Even after a buyer and seller have agreed on a valuation, it can take months for an acquisition to close. The reason? Often it's tense negotiations over the purchase agreement, in which the deal's nuances--working capital, warranties and representations, survival periods, earnouts--get ironed out. 

While purchase agreements seldom make headlines (those are usually reserved for the deal's public price tag), they can provide a gauge through which you can assess the mergers-and-acquisitions climate. For example, the terms of purchase agreements--and the tenor of the negotiations--can indicate whether it's a buyer's or seller's market. 

A new survey of CEOs and CFOs at small and midsized companies shines a fascinating light on how purchase agreements have (and haven't) changed in the last 12 months. Specifically, the 190 executives and financial advisors polled by national law firm Dykema Gossett PLLC in its annual Mergers & Acquisitions Survey were asked: Which of the following provisions in purchase agreements have you found to be the subject of increased negotiations during the past 12 months? Here were their top three answers: 

1. Working capital purchase price adjustments (51.40%). It sounds complicated. But it's easy to grasp what it means once you define "working capital" in an acquisitions context. Valuations expert John Warrillow defines it as "the money that your business needs in the bank the day you hand over the keys to the acquirer."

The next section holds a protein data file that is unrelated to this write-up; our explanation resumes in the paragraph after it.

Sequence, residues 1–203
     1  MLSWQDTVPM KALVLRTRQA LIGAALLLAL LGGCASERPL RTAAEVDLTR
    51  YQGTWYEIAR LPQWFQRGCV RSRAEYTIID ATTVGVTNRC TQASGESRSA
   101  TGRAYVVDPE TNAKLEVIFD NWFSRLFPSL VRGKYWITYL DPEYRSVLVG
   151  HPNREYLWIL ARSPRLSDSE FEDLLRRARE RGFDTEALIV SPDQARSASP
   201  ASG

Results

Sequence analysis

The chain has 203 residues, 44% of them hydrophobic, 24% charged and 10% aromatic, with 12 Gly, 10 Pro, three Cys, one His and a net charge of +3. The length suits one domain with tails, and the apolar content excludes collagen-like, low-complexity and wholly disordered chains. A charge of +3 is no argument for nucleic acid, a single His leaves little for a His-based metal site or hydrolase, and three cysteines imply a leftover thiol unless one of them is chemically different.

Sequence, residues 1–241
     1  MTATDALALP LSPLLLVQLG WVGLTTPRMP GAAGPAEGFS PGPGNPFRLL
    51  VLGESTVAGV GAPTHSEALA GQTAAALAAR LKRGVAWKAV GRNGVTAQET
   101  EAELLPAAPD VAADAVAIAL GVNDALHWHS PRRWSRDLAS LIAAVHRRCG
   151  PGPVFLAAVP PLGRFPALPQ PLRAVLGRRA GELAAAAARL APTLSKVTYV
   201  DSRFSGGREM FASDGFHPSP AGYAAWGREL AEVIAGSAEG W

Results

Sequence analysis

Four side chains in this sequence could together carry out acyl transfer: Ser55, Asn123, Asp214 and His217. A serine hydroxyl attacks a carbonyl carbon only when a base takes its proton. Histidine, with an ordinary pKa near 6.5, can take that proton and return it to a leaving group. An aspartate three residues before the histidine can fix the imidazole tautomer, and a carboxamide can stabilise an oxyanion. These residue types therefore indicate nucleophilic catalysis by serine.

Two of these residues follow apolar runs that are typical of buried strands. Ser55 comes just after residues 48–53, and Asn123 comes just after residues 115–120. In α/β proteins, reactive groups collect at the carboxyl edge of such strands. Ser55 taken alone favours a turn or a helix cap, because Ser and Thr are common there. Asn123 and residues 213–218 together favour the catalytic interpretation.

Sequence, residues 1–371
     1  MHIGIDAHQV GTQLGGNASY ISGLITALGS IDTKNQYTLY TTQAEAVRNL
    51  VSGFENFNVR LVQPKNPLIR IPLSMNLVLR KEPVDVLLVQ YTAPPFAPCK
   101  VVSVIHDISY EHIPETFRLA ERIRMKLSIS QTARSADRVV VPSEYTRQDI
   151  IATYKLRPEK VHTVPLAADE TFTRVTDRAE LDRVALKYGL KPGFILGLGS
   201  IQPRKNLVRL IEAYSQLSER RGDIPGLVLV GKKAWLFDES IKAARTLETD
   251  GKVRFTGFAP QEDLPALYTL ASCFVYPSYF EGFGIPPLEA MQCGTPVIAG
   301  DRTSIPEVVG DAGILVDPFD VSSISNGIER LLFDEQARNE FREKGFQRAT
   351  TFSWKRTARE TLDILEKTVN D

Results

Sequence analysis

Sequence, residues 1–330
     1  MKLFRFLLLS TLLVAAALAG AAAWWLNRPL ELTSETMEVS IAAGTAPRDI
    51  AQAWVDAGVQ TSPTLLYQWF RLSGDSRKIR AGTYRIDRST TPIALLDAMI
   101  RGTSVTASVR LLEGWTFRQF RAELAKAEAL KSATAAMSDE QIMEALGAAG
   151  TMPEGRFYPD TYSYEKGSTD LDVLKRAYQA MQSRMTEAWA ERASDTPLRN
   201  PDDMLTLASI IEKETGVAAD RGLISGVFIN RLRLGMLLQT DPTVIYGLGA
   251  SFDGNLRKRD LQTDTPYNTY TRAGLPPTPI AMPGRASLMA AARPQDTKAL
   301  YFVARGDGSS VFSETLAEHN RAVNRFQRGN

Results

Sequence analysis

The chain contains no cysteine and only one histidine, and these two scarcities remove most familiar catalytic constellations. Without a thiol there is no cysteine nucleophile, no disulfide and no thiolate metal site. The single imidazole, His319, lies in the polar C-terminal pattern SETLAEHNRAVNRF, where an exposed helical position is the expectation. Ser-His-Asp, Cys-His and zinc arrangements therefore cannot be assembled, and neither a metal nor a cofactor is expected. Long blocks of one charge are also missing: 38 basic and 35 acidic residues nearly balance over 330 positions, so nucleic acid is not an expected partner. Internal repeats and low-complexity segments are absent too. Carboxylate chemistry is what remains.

Dykema's Thomas S. Vaughn says that of all the provisions in purchase agreements, the firm generally spends the most time negotiating this one. "It's less sensitive to market ups and downs than the others," he adds. 

Why is it hard to find an agreed-upon value for working capital? Several reasons. Say you're a seasonal business. You might need less working capital around the holidays than you do in the summer (or vice versa). Then there's accounts receivable. Can the acquirer realistically expect to collect on invoices more than 90 days overdue? "You might know [the overdue customer] is good for it, but the buyer might not believe it," explains Dykema. 

And that's just the start. Inventory and expenses are also large pieces of the working capital negotiation. While you'll never be able to sidestep this provision, you can minimize it depending on your pricing model, notes Warrillow. "If your business just spits out cash because you've got a subscription model or you charge a big chunk of what you do up front, the acquirer's gonna come along and say, 'Hey, we don't need to inject any working capital in this business, therefore we're happy to write a bigger check to the owner,'" he writes. 

2. Rep/warranty survival periods (44.13%). The representations and warranties in question here are, essentially, the written promises that the buyer and seller make about themselves to each other.

If either party breaches a promise (or is thought to have breached one) then the other party, of course, can bring a claim. So in a purchase agreement, the provision to be negotiated is this: For how long a period of time--after the sale is final--can one party bring a claim against the other?